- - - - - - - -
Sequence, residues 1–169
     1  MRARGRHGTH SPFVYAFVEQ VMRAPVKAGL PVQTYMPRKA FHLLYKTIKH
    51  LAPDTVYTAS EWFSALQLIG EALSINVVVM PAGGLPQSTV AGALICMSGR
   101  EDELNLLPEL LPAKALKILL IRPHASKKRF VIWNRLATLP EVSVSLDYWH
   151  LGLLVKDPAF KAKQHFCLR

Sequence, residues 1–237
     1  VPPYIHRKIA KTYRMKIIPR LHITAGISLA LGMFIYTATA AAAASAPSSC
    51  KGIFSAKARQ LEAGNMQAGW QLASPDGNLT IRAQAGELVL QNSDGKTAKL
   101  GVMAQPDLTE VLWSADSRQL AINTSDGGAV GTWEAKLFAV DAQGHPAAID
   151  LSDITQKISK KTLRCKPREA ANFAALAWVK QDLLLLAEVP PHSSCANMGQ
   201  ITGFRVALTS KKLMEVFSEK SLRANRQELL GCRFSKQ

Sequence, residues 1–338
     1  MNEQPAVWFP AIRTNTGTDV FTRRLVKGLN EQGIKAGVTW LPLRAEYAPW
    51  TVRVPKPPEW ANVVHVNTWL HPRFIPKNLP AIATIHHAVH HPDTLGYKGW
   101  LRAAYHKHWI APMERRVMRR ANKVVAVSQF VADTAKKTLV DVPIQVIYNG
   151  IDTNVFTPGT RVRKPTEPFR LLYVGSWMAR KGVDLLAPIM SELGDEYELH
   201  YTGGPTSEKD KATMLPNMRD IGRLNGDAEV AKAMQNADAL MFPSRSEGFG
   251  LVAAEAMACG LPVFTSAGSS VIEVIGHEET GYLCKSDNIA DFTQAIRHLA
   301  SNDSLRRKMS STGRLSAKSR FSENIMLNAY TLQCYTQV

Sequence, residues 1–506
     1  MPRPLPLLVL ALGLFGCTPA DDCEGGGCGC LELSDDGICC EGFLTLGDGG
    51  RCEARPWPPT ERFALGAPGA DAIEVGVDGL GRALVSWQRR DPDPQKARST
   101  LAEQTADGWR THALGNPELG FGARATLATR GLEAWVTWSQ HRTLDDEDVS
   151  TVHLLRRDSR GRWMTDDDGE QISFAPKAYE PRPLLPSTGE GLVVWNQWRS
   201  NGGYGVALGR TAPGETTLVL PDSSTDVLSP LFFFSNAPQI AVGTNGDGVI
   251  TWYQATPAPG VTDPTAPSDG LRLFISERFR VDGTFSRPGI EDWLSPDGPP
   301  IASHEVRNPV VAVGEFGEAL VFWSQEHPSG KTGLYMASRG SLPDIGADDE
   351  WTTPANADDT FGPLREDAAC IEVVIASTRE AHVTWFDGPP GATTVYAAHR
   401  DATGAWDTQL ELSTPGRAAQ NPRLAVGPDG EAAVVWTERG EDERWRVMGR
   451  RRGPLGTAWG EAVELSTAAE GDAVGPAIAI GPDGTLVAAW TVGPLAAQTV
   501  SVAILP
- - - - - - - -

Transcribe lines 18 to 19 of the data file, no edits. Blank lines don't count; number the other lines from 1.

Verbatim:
   251  LVAAEAMACG LPVFTSAGSS VIEVIGHEET GYLCKSDNIA DFTQAIRHLA
   301  SNDSLRRKMS STGRLSAKSR FSENIMLNAY TLQCYTQV